UMSU LGBTTQ* representative Eun-Bi Kang will be bringing forward a motion to change the name of her position to the Gender, Sexual and Relationship Diversities (GSRD) representative at Thursday’s board meeting — a decision she now fears may have been “naive.”
After receiving only 15 signatures on a petition to change the title, Kang is now considering withdrawing the motion, saying she “realize[d] that maybe there should be more discussion before moving forward.”
The idea to change the name began in August 2018, when Kang suggested adding an “IA” to the original acronym to include “intersex” and “asexual” identities.
After concerns that elongating the acronym would be “cumbersome,” UMSU community co-ordinator Mubo Ilelaboye then suggested the GSRD acronym.
Ilelaboye was appointed to the community co-ordinator position in 2017, after UMSU introduced structural changes to the functioning of community groups that included hiring one full-time co-ordinator to work with its four community groups, replacing the four part-time co-ordinator positions that previously worked with each individual group — including the Rainbow Pride Mosaic (RPM).
Kang looked into the term further and decided to bring the idea to the UMSU governance committee.
“When I researched the topic a bit more, what GSRD stands for, I thought it would be a better fit,” she said.
“Ultimately because it’s a more inclusive term.”
The GSRD acronym and variations of it are relatively new and are meant to propose a wider view of the LGBTTQ* community.
“As our awareness of different sexualities and different identities grow, we wanted to represent and include more of these marginalized groups,” Kang said.
“But then it becomes a question of ‘Well, who gets to have a letter in that initialism?’ If we decide to add more, and try to be more representative, it’s going to get longer and longer and it’s going to become like alphabet soup. But GSRD kind of equalizes everything. No one gets their own letter, but they’re all represented by an umbrella term.”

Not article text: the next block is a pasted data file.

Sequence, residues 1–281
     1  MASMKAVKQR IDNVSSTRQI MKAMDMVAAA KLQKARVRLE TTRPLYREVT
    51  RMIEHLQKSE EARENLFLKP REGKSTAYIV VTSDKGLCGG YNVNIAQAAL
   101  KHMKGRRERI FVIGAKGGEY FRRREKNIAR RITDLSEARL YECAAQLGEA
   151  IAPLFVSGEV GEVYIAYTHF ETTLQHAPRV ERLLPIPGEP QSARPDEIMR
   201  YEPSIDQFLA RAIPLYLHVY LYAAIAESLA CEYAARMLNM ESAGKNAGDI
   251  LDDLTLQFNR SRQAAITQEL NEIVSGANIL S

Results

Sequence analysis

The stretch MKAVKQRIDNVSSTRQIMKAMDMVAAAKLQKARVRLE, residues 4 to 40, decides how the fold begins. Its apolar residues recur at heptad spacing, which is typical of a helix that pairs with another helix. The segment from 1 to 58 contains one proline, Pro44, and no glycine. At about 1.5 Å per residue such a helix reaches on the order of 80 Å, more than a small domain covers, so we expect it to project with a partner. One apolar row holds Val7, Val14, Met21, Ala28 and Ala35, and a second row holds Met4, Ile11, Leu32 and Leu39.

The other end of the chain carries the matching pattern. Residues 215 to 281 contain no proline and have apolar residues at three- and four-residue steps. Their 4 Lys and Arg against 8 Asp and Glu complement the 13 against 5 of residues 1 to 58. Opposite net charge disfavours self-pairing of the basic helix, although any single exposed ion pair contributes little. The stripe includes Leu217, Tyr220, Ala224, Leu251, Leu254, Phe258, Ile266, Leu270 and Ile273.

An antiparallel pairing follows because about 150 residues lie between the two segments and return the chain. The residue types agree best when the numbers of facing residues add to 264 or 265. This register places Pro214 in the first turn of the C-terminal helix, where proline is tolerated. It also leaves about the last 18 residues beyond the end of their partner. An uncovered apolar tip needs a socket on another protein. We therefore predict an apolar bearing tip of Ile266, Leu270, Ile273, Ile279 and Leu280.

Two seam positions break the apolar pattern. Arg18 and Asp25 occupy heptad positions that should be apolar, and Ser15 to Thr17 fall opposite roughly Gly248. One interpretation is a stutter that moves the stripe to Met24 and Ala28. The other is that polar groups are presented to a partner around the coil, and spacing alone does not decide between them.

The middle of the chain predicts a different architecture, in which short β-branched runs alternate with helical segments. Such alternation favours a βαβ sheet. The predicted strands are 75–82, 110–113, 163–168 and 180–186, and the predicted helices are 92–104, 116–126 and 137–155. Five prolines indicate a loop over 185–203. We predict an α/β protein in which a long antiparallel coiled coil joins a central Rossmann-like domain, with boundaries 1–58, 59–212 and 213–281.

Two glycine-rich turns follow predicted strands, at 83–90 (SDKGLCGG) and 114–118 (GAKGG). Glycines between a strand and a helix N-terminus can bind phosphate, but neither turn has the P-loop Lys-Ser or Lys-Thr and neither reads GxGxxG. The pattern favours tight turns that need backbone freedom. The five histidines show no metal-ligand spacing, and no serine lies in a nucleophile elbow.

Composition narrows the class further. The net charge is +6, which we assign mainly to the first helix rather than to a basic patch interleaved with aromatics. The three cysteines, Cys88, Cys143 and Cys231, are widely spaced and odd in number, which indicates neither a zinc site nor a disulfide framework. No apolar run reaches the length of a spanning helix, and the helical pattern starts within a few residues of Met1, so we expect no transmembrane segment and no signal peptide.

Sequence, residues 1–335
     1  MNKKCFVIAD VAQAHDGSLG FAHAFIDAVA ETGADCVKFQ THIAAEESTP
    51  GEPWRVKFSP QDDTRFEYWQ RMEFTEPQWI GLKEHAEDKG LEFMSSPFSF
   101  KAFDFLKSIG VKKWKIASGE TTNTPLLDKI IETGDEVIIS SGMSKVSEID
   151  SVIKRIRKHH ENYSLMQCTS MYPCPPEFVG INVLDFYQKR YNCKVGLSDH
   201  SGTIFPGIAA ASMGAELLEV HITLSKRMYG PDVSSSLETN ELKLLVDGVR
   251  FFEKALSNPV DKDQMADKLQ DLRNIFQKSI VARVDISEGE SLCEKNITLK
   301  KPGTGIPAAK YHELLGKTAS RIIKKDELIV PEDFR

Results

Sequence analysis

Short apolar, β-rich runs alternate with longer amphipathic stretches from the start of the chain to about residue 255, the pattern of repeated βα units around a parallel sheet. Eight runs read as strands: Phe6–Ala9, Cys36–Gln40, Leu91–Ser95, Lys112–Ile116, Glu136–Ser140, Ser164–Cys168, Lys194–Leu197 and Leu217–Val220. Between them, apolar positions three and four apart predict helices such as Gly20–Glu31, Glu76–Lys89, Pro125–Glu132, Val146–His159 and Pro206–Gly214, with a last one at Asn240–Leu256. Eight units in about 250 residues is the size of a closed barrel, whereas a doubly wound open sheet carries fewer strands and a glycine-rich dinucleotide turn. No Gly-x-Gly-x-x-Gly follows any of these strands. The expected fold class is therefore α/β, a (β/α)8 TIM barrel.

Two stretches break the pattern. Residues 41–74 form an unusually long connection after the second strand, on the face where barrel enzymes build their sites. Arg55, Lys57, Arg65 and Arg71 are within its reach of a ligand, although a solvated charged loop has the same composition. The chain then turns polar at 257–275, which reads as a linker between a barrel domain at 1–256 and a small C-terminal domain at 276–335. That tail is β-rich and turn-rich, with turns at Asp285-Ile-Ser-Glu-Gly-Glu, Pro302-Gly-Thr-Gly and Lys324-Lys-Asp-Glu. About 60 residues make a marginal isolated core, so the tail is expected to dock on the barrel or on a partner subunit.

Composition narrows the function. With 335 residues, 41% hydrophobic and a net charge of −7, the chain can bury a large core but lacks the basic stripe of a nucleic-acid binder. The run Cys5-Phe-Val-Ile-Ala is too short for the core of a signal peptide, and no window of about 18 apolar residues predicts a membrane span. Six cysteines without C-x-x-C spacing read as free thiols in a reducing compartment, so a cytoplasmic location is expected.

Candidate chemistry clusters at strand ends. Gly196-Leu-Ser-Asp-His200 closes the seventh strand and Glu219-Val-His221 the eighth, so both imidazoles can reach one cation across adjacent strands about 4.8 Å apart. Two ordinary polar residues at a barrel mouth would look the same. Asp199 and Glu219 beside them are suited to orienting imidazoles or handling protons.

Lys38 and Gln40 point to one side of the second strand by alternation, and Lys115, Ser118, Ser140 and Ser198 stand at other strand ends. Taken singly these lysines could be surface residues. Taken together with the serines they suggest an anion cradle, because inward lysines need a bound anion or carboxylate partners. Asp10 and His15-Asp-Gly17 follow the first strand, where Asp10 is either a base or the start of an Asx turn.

The acronym is not used by any other university in the province but was considered an “official community acronym” by Pride Winnipeg in 2018.
Kang originally put forward the idea to RPM in October, and said she encouraged members to voice their dissent or leave comments on the petition but felt she “didn’t get any engagement.”
Kang presented the petition to the UMSU governance committee when she proposed to change the acronym — however, she said she was surprised the governance committee had agreed to draw up the motion.
“I thought they were going to try to tell me to get more signatures,” she said.
“But apparently that was enough.”
Petitions are not typically required to bring possible motions to governance meetings, but the committee thought it was a good idea in this case, according to UMSU president Jakob Sanderson.
Kang added she felt there was not a lengthy response from the governance committee.
“When I went to the governance committee to explain my rationale behind this decision, it was more just a presentation without any Q-and-A afterwards. I just showed up, gave my rationale and then they said ‘OK, thank you,’” she said.
Governance meetings are usually closed, but Kang was invited to this particular one.
Kang said the signatures were “mostly RPM regulars” and said the petition “was mostly just passed around within the Rainbow Pride Mosaic” before it was submitted, something she now says was a mistake.
“On second thought, I’m starting to think maybe we should postpone [the motion] again and reach out to the LGBT community at large on campus and see what they think,” she said.
“Instead of just RPM.”
Kang said she hopes the motion will warrant discussion amongst the board of directors on Thursday.
“Some kind of discussion that made it clear that the board of directors had reflected on the gravity of the whole decision, and not just something they would nod ‘yes’ to and just move on,” she said.
Kang added the acronym could always be amended but said she did not know whether or not she would move to withdraw the motion Thursday. Should anyone move to pull the motion Thursday, it would go to a vote. Should the vote to table pass, the motion would be moved off of the schedule until further notice.
Kang said she regrets not seeking a more diverse group for the petition.
“I probably should have reached out to other groups to see their opinion regarding the change.”